Friday, July 27, 2007

Part 2: The Complete History Of The Rolex Submariner & SEA-DWELLER


The Complete History Of
The Rolex Submariner & SEA-DWELLER
Rolex's Conquest Of The Ocean

Part 2: The Perpetual Oyster & The Mermaid

In a span of 5 years from 1926 to 1931 Rolex and Hans Wilsdorf would create and patent two major horology milestones that would forever set Rolex apart–the Rolex Oyster waterproof watch-case and the Rolex Perpetual Movement. In 1925, Rolex would also create and register their famous trademark logo of the Rolex crown.

The Art-Deco era was a time of tremendous growth for Rolex, so much so there are many art-deco elements which remain as part of their current design language.

The Rolex Oyster is perhaps the most revolutionary and profound development in watch history. The following patent application was filed by Hans Wilsdorf on behalf of Rolex in 1926:

The next photo below is of the actual first Rolex Oyster made in 1926, which was made out of yellow gold. This art-deco masterpiece wrist watch changed everything. Was it the first professional dive watch in history? In many ways yes and in many way no, as we will soon see. More than anything it was watch you could take swimming without damaging.


What Exactly Is A Rolex Oyster?

So what makes a Rolex Oyster an Oyster? The winding crown acts like a screw-on cap or mini jar lid and has watertight gaskets in it. The best way to think of it is to imagine a submarine hatch that is threaded and has to be twisted or spun open or closed.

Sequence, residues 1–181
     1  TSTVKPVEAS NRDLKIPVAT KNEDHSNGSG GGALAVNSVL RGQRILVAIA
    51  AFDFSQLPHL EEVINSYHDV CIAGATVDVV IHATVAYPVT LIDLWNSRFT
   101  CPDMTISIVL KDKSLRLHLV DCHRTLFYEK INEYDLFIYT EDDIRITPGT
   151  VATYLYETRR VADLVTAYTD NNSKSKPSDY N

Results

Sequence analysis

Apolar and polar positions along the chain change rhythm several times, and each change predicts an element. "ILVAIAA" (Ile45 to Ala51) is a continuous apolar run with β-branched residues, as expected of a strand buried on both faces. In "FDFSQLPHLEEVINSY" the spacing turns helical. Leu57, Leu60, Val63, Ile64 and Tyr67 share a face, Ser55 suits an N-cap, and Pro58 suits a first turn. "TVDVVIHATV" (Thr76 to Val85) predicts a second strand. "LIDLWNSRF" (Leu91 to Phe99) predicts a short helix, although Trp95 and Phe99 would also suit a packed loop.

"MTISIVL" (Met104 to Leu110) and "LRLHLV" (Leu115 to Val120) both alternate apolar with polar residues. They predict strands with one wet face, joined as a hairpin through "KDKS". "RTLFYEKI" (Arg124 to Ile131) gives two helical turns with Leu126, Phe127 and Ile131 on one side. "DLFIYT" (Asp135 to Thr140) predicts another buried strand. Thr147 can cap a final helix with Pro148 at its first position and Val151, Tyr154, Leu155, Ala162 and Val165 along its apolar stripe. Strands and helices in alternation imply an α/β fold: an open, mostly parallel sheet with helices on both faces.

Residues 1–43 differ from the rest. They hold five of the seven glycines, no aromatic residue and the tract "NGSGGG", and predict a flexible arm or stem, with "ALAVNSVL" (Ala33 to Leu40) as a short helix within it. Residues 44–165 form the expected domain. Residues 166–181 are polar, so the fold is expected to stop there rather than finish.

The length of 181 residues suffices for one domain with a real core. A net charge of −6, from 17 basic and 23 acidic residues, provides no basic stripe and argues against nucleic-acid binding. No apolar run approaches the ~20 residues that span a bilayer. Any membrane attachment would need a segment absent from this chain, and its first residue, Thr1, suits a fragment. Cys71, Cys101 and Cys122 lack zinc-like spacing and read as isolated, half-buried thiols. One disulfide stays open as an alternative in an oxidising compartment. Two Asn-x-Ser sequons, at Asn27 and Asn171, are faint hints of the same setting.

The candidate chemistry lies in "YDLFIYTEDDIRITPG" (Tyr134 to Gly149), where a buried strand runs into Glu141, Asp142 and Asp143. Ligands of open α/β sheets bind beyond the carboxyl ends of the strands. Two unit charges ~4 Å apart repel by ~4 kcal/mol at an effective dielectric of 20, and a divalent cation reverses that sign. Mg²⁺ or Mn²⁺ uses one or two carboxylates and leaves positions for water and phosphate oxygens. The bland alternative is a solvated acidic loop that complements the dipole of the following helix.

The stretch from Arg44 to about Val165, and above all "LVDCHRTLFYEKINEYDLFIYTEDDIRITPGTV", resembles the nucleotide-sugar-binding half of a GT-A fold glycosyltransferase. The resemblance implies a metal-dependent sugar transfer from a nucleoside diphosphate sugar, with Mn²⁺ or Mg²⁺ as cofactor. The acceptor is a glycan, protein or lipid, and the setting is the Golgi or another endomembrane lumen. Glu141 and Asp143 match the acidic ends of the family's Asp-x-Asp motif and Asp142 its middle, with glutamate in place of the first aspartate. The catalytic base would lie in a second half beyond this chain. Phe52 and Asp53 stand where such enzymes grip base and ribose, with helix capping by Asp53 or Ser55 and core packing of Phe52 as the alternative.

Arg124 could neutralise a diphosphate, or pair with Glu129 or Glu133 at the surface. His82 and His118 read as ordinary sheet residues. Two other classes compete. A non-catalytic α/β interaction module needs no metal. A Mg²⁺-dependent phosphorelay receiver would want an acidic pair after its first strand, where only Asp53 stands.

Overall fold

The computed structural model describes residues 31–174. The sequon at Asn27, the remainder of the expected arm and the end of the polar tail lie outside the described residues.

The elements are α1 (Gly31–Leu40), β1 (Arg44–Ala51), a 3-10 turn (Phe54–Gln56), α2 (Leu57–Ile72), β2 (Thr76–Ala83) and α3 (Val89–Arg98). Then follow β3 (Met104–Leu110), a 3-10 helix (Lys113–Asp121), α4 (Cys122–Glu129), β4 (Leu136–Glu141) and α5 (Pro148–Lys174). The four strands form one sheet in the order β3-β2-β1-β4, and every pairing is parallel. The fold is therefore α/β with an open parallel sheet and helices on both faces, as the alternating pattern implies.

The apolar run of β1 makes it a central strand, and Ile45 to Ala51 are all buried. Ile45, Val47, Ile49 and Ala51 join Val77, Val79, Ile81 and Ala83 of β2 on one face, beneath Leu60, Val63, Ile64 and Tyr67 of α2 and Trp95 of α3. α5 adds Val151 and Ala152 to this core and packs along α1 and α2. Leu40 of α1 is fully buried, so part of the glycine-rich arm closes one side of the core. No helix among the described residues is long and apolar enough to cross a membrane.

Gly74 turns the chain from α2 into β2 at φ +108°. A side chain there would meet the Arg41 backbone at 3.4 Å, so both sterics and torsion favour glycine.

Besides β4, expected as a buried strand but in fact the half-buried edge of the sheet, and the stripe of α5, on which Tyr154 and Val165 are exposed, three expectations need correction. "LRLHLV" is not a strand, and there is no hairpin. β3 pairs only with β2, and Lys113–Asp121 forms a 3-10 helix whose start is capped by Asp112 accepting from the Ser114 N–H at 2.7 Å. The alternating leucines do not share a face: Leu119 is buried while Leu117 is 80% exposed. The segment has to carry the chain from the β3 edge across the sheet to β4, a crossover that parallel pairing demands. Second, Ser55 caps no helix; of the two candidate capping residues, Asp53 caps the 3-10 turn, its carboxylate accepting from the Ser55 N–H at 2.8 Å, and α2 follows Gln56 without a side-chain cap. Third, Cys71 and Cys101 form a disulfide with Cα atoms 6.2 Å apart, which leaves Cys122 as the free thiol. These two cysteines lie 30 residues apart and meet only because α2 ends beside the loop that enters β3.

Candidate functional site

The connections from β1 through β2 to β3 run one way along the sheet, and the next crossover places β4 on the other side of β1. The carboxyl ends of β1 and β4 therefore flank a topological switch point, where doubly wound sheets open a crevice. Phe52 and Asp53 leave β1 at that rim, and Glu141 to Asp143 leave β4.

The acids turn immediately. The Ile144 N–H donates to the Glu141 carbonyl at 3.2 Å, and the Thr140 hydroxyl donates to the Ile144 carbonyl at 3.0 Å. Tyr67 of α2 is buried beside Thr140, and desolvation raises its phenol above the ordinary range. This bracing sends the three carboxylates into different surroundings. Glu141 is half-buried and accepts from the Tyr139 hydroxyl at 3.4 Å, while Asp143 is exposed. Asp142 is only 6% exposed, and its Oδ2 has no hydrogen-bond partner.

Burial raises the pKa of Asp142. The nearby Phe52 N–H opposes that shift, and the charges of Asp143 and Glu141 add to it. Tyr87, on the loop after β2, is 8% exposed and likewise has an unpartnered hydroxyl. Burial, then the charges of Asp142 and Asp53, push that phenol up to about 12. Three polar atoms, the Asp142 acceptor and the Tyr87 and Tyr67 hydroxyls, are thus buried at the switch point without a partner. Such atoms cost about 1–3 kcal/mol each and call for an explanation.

How A Rolex Oyster Works

I want illustrate exactly how a Rolex Oyster keeps out all elements including water and thus protects the movement. The next set of 5 images were taken by the ultra-passionate Rolex collector, Stefano Mazzariol of his yellow gold Rolex Submariner [Reference 1680]. In this this first image, we see the watch sitting on its side with the winding crown screwed down.


This next image shows the winding crown up-close in the screwed-down position. Once again, think of a threaded submarine-hatch that is closed or a jar lid that is screwed shut.


In this next image (below) we see the Rolex Oyster Crown unscrewed, meaning it was unscrewed by spinning it counter-clockwise. Notice the exposed threads on the bottom of the winding tube. You can't see it in this photo, but the Rolex winding crown has matching threads inside the crown itself like a jar lid.


The winding crown itself has a stem attached to it that goes through the tube which allows you to wind the watch or change the hours or minutes–depending on how far out the winding crown is positioned or pulled.


In this last image in this set (pictured below) we see the same vintage yellow gold Rolex Submariner as in the photos above, but the Oyster bracelet has been removed and the screw-down case-back has been removed as well. Once again, in this photo, you can't see the the threads on the case-back but it has threads and the case-back screws into the case very similarly to a jar lid or submarine hatch.


The crown and case-back, when removed allow complete access to the movement, but when they are in place and screwed-down, they make the watch not only impervious to any elements, but completely waterproof. We take this design detail for granted today, but its design completely revolutionized the watch industry when Rolex introduced and patented it in 1926. (Note: This Rolex Submariner from the late 1960s or early 1970s, but I shared it with you to perfectly illustrate how a Rolex Oyster Case works).